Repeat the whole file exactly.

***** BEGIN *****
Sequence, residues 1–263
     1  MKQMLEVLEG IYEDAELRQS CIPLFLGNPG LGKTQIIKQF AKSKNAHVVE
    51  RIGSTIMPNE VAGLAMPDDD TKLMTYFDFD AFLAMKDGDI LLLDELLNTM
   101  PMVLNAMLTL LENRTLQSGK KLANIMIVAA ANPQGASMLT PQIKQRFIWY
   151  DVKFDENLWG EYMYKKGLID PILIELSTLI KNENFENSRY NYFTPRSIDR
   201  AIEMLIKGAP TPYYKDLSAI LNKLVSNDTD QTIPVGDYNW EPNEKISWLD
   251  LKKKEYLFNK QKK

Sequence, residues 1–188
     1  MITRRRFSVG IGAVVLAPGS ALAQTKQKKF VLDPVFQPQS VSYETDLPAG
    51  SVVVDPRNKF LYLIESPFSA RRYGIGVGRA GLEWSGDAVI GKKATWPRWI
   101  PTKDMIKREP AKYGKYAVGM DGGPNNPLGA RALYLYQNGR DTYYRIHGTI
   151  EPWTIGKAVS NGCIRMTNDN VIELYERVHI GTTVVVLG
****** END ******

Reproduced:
Sequence, residues 1–263
     1  MKQMLEVLEG IYEDAELRQS CIPLFLGNPG LGKTQIIKQF AKSKNAHVVE
    51  RIGSTIMPNE VAGLAMPDDD TKLMTYFDFD AFLAMKDGDI LLLDELLNTM
   101  PMVLNAMLTL LENRTLQSGK KLANIMIVAA ANPQGASMLT PQIKQRFIWY
   151  DVKFDENLWG EYMYKKGLID PILIELSTLI KNENFENSRY NYFTPRSIDR
   201  AIEMLIKGAP TPYYKDLSAI LNKLVSNDTD QTIPVGDYNW EPNEKISWLD
   251  LKKKEYLFNK QKK

Sequence, residues 1–188
     1  MITRRRFSVG IGAVVLAPGS ALAQTKQKKF VLDPVFQPQS VSYETDLPAG
    51  SVVVDPRNKF LYLIESPFSA RRYGIGVGRA GLEWSGDAVI GKKATWPRWI
   101  PTKDMIKREP AKYGKYAVGM DGGPNNPLGA RALYLYQNGR DTYYRIHGTI
   151  EPWTIGKAVS NGCIRMTNDN VIELYERVHI GTTVVVLG